“It is well known that many Catholic clerics participated directly or indirectly in the Ustaša campaigns of violence.” (Phayer, 2000, pp. 34-35)

Pope Pius XII could not plead ignorance to these atrocities. “Both the nuncio [Vatican ambassador] and the head of the [Croatian] Church, Bishop Alojzje Stepinac, were in continuous contact with the Holy See while the genocide was being committed.” (Phayer, 2000, p. 30)

Vatican Bank

“Approximately half of what [Vatican agent] Fr. Krunoslav Draganovic took out of Croatia was in the form of gold coins, most of which had been looted from Jewish and Serbian victims of Ustasha terror.” (Phayer, 2008, p. 215) Along with gold taken from the pre-war Yugoslav treasury, the coins were transported by truck through Austria and Italy into Rome.

Based on accounts by Emerson Bigelow, in the U.S. Army reporting to the U.S. Treasury Dept, and U.S. intelligence agents William Gowen and James Angelton, “There is no reason to doubt that the Ustasha gold ended up as a deposit in the Vatican Bank.” (Phayer, 2008, p.217) In addition, Gowen later gave testimony at a U.S. federal court in San Francisco that his investigation in 1947 led him to believe that the Vatican was “implicated at the highest level.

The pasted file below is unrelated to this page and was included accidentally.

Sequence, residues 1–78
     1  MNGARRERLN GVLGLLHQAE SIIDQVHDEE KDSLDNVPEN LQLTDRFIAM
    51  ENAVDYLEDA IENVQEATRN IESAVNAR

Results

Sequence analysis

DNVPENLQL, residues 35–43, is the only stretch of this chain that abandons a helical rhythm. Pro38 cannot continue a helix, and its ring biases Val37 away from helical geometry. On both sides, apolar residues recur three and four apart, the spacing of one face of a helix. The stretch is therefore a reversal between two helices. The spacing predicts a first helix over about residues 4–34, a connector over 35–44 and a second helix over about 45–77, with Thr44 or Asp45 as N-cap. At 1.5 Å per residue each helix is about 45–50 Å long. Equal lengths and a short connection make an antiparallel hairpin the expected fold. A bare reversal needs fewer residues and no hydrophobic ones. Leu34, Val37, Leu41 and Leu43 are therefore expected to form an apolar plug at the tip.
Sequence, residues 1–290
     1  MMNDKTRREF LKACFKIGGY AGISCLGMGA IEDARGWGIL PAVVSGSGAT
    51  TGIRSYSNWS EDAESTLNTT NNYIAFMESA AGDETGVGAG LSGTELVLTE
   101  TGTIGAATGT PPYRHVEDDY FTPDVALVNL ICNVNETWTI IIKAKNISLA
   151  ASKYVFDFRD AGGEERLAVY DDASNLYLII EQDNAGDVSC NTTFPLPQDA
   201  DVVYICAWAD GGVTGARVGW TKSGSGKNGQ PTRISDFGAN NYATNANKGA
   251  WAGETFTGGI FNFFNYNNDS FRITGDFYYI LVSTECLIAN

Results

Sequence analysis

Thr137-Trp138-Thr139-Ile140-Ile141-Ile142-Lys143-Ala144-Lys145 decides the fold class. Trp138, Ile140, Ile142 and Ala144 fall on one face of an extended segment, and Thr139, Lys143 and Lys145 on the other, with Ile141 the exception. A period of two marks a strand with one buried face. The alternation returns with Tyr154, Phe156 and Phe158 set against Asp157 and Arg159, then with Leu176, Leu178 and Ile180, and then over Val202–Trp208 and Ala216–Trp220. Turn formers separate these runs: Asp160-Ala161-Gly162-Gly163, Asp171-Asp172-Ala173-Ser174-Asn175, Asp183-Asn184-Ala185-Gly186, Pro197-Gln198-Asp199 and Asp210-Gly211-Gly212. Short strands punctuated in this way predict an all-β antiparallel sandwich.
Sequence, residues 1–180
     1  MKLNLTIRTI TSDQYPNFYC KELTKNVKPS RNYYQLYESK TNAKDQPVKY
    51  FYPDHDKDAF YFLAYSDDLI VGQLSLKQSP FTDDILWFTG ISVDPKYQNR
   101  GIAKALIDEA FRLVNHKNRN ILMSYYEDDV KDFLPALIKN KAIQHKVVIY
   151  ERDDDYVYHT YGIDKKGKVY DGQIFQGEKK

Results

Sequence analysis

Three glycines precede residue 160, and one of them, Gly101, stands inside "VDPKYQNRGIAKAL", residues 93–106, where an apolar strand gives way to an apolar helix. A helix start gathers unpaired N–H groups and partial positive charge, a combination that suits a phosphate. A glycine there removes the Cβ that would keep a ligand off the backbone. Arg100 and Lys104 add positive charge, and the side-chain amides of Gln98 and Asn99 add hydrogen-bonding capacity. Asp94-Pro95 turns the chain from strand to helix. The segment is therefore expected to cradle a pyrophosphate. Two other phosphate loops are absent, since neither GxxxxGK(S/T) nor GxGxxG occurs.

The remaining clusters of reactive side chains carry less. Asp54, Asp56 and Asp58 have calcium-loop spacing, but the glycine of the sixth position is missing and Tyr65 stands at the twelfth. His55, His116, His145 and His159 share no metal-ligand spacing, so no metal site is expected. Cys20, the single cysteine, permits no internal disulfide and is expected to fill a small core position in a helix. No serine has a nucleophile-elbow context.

In an April 2014 “Open Letter to Pope Francis,” William Dorich, whose father and 16 other relatives were burned alive by the Ustasha and Catholic priests, he asks the pontiff to open the Vatican archives from World War II and make restitution for the gold and other assets stolen from the Ustasha victims and deposited in the Vatican.

Dorich was one of the plaintiffs in a lawsuit first filed in 1999 against the Vatican Bank by elderly Ustasha victims and their heirs for compensation. When their claim was rejected by U.S. courts for lack of jurisdiction, their attorney, Dr. Jonathan Levy, began petitioning directly to the Vatican, including a letter to Cardinal George Pell, Pope Francis’ prefect of the Secretariat for the Economy.

“As the postwar years rolled by, the deposited gold had to be ‘laundered’ or changed into various currencies to finance an evolving sequence of tasks. The immediate need was for upkeep for many dozens of Ustasha exiles. False papers had to be fabricated. Some of the funds had to be used for the paying for passage of war criminals.” (Phayer, 2008, p. 217)

Ratlines